So its really cool, I like to see this. Typically 600W is plenty for single GPU setups. 700W is not quite enough for 2 cards. Yes, its for SFF but there are builders who will try to cram 2 cards in a SFF box.

    But I do like a little headroom in my power supplies so I really can't argue with 700W. So good stuff all around, but I wouldn't mind a 800W unit. :D
    Reply
  • Larry Litmanen
    Great to see more choices in SFF format from a great company. Not having a beefy PSU is an obstacle when it comes to building a small PC. Now that obstacle is gone.

    Reply
  • FritzEiv
    Sorry, but without pricing or availability, this article is nothing more than fortune-telling. I can do it too: "Seasonic is going to release an 800W 80+ Platinum TFX PSU. It will be fully modular. No word yet on pricing or availability."

    So Onus, you're saying that in the future you'd rather not know about a product that we have early details on unless those details also include pricing and availability? Or are you saying you don't believe the author, in which case I can personally verify the information because I was on the message from SilverStone too. So which is it? The author is lying; you don't want the information when we get it; Silverstone is lying; or maybe you just woke up on the wrong side of the bed :-) Seriously though: for years commenters tormented us because we published things late; we took that criticism to heart and we've made it our mission not to get outscooped, and while sometimes we do, I feel like we've improved by leaps and bounds; we don't source other publications, we have worked hard to establish and strengthen relationships with all of the companies we report on. So now we get tormented for . . . publishing too early? Sorry but thank you to all of those who downvoted that comment.

    Fritz Nelson, Editor-in-chief
    Reply
  • dudmont
    What's the point of having a PSU that can handle two cards when no ITX board has more than 1 pcie slot? Is there an ITX build possible that uses 700 watts even with major O/Cing? That being said, I'm sure it's nice and works well, probably tells funny jokes too.
    Reply
  • Onus
    Oh, I believe the author. I do not call someone a liar except very directly.
    Without availability in particular though, the article is meaningless. Of course someone is going to build a PSU like this. Without knowing when though, an article like this doesn't tell us much, nor inform a buying decision. Remember how bent people used to get at "vaporware;" software that was supposed to do wonderful things, but never materialized, or showed up very late, and had perhaps discouraged people from selecting a competitor's product? This too, is vaporware, without more concrete information, or, as I called it, fortune-telling, since a similar statement like "Seasonic will release an 800W TFX PSU" is equally certain, and equally meaningless. Perhaps this announcement from Silverstone is to discourage people from looking as FSP, which also competes in this market?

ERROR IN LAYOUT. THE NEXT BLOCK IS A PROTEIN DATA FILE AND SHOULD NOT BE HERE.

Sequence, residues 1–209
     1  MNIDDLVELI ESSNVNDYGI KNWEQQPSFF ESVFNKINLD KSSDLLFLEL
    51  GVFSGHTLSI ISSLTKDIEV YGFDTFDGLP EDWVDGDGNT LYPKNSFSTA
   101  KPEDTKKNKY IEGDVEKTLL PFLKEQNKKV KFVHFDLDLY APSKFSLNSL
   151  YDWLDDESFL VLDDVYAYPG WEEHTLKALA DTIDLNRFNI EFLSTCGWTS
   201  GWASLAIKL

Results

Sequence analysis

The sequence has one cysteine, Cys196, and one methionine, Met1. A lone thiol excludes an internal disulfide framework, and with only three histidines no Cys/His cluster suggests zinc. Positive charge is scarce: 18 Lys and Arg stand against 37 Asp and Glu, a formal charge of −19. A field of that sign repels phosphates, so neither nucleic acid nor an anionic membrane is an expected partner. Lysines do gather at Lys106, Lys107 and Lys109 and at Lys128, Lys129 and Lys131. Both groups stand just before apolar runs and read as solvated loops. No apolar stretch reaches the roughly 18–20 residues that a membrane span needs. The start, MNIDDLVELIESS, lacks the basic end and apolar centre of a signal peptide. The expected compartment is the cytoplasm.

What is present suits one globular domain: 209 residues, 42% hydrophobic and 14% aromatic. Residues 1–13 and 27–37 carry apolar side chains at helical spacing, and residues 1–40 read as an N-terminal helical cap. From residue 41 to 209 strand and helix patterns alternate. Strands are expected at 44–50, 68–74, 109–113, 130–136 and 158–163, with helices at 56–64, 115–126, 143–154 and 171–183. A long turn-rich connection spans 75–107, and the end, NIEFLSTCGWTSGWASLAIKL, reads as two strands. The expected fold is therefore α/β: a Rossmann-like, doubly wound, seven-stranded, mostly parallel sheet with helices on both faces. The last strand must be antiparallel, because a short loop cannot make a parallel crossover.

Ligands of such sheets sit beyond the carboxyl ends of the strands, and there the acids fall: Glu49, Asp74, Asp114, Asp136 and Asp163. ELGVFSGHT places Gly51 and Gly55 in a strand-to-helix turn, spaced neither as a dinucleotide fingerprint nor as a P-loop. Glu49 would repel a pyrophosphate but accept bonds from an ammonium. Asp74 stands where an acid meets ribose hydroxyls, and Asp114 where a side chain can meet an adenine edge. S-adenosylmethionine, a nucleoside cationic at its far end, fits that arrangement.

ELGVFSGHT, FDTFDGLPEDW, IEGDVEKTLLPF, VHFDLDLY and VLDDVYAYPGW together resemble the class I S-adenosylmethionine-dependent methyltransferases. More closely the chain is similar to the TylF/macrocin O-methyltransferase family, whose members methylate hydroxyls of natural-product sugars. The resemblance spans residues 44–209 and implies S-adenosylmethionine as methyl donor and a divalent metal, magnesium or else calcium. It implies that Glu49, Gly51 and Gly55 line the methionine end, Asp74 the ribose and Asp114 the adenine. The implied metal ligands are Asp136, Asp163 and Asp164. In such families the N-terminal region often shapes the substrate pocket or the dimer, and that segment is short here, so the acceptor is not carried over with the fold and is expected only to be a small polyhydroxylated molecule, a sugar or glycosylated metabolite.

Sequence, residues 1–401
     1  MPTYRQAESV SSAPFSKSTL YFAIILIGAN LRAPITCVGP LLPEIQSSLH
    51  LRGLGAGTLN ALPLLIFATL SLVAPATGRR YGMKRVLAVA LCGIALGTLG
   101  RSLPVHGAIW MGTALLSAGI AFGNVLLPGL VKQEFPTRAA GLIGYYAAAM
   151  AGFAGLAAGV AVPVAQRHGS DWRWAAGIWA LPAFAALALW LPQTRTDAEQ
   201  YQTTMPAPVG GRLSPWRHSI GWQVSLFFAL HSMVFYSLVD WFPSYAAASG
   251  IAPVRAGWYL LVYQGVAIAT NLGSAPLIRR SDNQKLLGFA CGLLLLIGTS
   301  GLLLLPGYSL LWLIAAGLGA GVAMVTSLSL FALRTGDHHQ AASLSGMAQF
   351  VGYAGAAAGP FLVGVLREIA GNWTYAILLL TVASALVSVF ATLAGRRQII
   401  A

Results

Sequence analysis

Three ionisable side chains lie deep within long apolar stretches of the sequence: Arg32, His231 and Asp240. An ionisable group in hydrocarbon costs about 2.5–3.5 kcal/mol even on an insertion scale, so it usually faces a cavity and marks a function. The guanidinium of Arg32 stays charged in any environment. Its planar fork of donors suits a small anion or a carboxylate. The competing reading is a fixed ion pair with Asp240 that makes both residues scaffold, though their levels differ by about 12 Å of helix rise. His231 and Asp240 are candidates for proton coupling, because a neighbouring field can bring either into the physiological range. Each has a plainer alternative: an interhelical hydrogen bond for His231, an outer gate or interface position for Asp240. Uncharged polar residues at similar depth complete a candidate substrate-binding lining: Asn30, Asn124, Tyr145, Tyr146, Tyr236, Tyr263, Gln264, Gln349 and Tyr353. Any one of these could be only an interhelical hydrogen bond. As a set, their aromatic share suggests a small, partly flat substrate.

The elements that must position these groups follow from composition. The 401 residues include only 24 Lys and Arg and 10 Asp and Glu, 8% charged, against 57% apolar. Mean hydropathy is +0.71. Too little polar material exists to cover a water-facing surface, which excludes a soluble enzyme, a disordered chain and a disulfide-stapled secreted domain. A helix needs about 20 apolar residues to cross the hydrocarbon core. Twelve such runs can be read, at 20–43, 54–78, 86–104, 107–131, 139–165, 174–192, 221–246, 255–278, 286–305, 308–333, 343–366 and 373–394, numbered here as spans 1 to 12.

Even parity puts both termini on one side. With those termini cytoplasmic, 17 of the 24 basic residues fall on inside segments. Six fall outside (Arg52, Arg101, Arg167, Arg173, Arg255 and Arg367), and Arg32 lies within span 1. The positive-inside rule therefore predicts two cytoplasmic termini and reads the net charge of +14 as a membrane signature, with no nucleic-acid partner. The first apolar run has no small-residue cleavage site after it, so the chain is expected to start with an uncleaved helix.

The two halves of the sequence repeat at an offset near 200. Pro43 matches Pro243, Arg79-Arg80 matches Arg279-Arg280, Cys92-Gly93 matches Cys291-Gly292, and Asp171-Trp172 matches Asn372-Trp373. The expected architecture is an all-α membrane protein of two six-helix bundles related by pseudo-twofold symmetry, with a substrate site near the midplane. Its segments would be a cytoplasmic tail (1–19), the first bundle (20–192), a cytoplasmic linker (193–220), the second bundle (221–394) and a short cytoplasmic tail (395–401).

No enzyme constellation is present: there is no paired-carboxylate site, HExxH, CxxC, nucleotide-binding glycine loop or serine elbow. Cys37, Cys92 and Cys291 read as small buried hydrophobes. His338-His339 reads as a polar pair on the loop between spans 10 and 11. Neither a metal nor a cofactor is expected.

Reply
  • atheus
    From the article:
    But this will be useful for powering a dual-GPU graphics card in a Mini-ITX case, although you'll really be pushing the power envelope of the SX700-LPT if you decide to take that route.

    I'm a little puzzled by this statement (and to be honest many statements concerning PSU choices). The Titan Z's TDP is 375 watts. Even using ~175 watts for some insane CPU OC and cranking up the Titan Z's power consumption, you've still got quite a lot of headroom with a 700 watt PSU.

    What is it that has people so tuned in to such high power PSU's for Non-SLI systems? With nVidia's Maxwell cards you've got even less reason to reach for bigger PSU's, yet it seems even as testers measure modest power numbers under stress test conditions they wind up suggesting a PSU that's almost double the max power draw they tested. What gives? If you're looking for peak efficiency wouldn't you want it to hit closer to 50% load when it's not at max stress (more typical usage)?
    Reply
  • turkey3_scratch
    What form factor cases do these fit in?

    Edit: mITX, that's what I thought.
    Reply